Visioning and Systems Session Offered in Webinar for Young Global Leaders

SLN Core Team member, Dominic Stucker, was invited by Earth Charter International and Youth Action for Change to design and lead a session on “Visioning and Systems Thinking for Local Sustainability Projects” as part of the semester-long, online course Youth Leadership, Sustainability, and Ethics.  The 1.5-hour session was held on 23 October and attended by 15 young leaders from around the world, including Botswana, Cameroon, Costa Rica, Egypt, Germany, Ghana, Kyrgyzstan, Madagascar, Palestine, Sri Lanka, and the United States.

From approximately minute 00:58 to 2:24, view the recording of the session here. The Guided Visioning starts around 1:18 and the short discussion on Systems Thinking Wisdom around 2:01. Note that a portion of the recording is silent while pairs are in break-out rooms.

Dominic introduced the Learning Spiral as a framework within which to situate the practice of visioning and design principle from systems thinking for local sustainability projects.  He led a guided visioning that asked participants to imagine their planned project was wildly successful, giving them an opportunity immediately afterwards to write down what they saw, what changes they had helped bring about in their own communities.  In pairs, participants then shared their visions and drafted 1-sentence descriptions, which were shared with the whole group.  Some examples include:

Young girls in my community meet their inner potential and believe in their ability to own personal visions.

A platform for farmers to join efforts and overcome their challenges.

People celebrate their differences, leverage them, and use them to create a peaceful global environment.

University students use free-thinking, humor, and energy to to design and create sustainable futures for Botswana and the world!

Men and women – who have engaged with global issues as young leaders – make responsible decisions as future professionals and take action toward creating a better world.

A strongly interconnected society pioneered by youth.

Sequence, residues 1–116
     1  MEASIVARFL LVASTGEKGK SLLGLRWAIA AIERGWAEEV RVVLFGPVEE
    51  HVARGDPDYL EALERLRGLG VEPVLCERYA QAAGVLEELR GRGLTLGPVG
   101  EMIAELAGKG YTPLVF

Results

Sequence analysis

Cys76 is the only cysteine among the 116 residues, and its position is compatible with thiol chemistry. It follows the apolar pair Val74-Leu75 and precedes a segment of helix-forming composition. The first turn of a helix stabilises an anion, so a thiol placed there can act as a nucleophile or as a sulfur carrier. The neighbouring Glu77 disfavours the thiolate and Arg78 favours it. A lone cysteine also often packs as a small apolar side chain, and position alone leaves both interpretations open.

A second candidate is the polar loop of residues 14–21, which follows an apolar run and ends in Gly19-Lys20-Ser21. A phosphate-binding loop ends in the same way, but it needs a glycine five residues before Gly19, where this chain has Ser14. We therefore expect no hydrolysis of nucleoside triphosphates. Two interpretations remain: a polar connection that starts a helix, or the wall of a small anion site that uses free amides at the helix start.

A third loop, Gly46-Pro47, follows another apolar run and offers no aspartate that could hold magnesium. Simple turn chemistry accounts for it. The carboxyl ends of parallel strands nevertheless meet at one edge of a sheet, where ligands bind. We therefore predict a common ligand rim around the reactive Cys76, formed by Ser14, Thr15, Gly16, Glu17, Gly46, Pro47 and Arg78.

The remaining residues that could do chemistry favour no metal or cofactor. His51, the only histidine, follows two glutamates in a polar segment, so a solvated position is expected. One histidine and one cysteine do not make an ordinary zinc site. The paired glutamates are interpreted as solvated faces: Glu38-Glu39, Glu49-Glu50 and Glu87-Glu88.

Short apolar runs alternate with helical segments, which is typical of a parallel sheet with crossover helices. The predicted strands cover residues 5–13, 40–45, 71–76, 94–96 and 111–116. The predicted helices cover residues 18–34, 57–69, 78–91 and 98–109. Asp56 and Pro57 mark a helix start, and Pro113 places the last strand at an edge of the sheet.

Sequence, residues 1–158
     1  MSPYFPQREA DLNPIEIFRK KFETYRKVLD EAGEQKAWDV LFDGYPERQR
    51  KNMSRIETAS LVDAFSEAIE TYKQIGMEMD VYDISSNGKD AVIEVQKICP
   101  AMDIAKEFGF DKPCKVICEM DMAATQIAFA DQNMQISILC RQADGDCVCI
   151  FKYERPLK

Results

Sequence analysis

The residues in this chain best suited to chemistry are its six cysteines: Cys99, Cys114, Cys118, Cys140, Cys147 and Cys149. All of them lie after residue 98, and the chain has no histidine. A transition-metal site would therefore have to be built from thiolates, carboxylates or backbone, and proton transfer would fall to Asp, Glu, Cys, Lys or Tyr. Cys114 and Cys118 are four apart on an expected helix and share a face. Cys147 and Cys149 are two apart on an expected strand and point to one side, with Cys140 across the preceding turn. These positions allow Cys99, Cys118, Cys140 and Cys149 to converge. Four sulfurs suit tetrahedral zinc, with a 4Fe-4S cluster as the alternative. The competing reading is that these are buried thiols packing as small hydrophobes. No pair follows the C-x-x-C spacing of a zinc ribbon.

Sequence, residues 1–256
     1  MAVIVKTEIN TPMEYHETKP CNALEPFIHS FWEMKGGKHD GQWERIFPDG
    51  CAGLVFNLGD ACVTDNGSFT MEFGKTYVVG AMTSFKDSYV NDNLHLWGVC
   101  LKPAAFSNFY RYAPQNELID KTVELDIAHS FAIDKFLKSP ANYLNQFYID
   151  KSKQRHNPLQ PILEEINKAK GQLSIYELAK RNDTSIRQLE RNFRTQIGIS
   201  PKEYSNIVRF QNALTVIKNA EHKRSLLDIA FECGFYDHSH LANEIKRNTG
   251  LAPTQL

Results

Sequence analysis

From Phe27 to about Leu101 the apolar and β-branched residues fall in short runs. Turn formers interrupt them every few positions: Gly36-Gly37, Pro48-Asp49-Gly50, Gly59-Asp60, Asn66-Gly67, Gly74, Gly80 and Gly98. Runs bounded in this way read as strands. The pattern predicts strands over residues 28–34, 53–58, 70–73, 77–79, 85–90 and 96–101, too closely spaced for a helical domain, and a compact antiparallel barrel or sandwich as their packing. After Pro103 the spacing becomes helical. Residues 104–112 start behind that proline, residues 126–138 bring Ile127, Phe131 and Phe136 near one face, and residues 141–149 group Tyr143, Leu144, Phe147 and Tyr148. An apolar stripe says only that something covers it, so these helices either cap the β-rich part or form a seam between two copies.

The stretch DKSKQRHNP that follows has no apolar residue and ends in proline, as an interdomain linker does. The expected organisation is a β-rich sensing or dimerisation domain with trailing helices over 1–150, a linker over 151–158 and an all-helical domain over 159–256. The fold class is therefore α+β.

Young people are empowered and capable of making positive change in their communities.

After that, Dominic used the rubber band metaphor to emphasize both the importance of vision and systems analysis in changing current realities.  Instead of dropping our visions to the reality, we must identify leverage points for bringing the reality up to our visions.

To help identify such leverage points, Dominic highlighted some of the guidance that Donella Meadows offers in her article Dancing with Systems for navigating and changing complex systems.  In particular, he described and then asked participants how the following forms of guidance would apply to their own projects:

  • Celebrate complexity
  • Listen to the wisdom of the system
  • Expand time horizons
  • Expand thought horizons
  • Expand the boundary of caring

Finally, returning to the Learning Spiral, Dominic emphasized the importance of humility in our work to change systems.  In the above article, a key piece of guidance is to “Stay humble. Stay a learner.” Donella Meadows writes:

Systems thinking has taught me to trust my intuition more and my figuring-out rationality less, to lean on both as much as I can, but still to be prepared for surprises. Working with systems, on the computer, in nature, among people, in organizations, constantly reminds me of how incomplete my mental models are, how complex the world is, and how much I don’t know. The thing to do, when you don’t know, is not to bluff and not to freeze, but to learn.

None of us, after all, have fully seen or experienced the world we envision for ourselves.  We have only seen glimpses.  As such, we must learn our way into sustainability together, embracing mistakes as an essential part of experimentation, creativity, and innovation.

At the beginning of the session, participants indicated that they “always, often, sometimes, or rarely” use visioning and systems thinking in the conceptualization and design of their projects.  By the end of the session, 100% of participants reported that they will “always or often” use both visioning and systems thinking for future projects.

Unsolicited feedback from participants at the end of the session included:

Thanks, Dominic! Inspiring!

Gave me a way to rethink my project. Love the meditation part!

Very interesting and useful.

Inspiring and motivating!

Great session!

Sustainability Leader Network offers similar visioning and systems sessions as a service to individuals and organizations.  Learn more on our Services page.

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